When we first arrived in Kenya, I remember walking by the hospital playground and a little boy yelling at me from the top of the slide, “Muzungu, geeev me a kaa.”
That first day, I honestly had no idea what he was talking about. It took me a while for his question to register, I was still adjusting to Kenyan English – was he was asking me for a car?
Once I figured out his words, I still didn’t understand the question. What would make him think I would be walking around with a car for him? Is that what foreigners do?
Three years later, I cut open the boxes that recently arrived from South Georgia, full of gifts for hospital children and found a pile of matchbox cars.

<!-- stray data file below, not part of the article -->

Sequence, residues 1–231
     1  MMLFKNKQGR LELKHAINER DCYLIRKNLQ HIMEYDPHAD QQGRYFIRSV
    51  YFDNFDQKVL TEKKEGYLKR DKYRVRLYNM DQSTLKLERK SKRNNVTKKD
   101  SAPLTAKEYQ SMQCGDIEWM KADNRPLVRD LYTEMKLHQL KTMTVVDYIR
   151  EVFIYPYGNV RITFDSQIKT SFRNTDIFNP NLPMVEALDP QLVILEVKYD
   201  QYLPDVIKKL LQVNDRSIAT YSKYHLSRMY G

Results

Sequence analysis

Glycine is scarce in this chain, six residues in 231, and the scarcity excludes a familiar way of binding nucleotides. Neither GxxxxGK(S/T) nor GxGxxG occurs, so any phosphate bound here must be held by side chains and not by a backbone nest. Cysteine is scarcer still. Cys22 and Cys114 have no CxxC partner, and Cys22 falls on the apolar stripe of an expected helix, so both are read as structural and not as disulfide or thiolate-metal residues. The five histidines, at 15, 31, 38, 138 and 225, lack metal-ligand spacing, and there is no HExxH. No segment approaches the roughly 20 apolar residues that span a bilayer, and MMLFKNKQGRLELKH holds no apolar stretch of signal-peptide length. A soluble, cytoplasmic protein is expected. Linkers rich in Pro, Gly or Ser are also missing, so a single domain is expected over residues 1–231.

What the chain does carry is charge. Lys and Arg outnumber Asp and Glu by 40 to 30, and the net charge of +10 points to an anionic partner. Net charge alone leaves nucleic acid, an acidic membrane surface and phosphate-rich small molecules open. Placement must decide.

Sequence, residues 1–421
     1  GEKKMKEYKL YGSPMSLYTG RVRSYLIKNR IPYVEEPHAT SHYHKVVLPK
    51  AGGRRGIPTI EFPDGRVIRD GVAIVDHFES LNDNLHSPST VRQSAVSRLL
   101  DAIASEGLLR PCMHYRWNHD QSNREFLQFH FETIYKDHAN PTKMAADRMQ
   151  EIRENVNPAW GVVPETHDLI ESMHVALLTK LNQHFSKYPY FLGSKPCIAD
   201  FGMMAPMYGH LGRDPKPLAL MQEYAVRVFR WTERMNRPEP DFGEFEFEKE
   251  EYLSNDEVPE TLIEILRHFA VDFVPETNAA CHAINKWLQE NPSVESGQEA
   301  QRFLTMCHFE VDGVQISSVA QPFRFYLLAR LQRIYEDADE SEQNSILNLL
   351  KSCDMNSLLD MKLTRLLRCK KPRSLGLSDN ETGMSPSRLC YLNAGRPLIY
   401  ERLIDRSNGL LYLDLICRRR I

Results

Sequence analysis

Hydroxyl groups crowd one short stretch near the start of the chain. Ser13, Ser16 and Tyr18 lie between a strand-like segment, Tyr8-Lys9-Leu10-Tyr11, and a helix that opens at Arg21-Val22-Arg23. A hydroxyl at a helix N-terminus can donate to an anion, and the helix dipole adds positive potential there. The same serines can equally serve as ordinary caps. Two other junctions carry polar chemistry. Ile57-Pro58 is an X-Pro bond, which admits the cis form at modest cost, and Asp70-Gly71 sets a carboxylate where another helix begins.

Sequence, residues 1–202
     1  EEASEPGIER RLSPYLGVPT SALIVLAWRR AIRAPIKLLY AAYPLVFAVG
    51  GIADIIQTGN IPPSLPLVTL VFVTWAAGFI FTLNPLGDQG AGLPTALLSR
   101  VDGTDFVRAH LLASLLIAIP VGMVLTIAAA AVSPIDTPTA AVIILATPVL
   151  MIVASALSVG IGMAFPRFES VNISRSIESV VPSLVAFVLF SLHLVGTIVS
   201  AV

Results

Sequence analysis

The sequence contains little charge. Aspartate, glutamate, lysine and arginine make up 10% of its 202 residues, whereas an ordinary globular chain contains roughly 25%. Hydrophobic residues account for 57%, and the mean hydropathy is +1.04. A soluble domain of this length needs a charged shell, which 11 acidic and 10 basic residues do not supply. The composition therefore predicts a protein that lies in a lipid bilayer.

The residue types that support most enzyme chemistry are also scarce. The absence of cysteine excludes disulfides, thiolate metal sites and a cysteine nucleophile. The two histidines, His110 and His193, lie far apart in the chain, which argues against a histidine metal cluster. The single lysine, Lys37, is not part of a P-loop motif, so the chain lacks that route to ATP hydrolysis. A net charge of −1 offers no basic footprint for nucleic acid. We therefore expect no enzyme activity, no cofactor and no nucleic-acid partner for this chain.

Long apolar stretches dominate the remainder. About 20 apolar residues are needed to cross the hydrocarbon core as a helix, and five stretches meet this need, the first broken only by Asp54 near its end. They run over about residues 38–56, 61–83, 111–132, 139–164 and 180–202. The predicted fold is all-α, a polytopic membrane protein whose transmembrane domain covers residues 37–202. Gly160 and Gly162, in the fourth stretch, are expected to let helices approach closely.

I walked around the wards, speaking with the kids in Swahinglish, mixture of English and Swahili, joking with them about whether they wanted a car, if they reeeeealllllyy wanted a car, and gave them a bit of joy. There were quite a few boys recovering from surgery, up and about, and they were very, very pleased at an opportunity to get out of bed and play.
So yes, I just perpetuated the stereotype. . .but it was fun. They have been through a lot, and it’s wonderful to see them smile instead of cry when they see me.
Tim – well worth the price of shipping!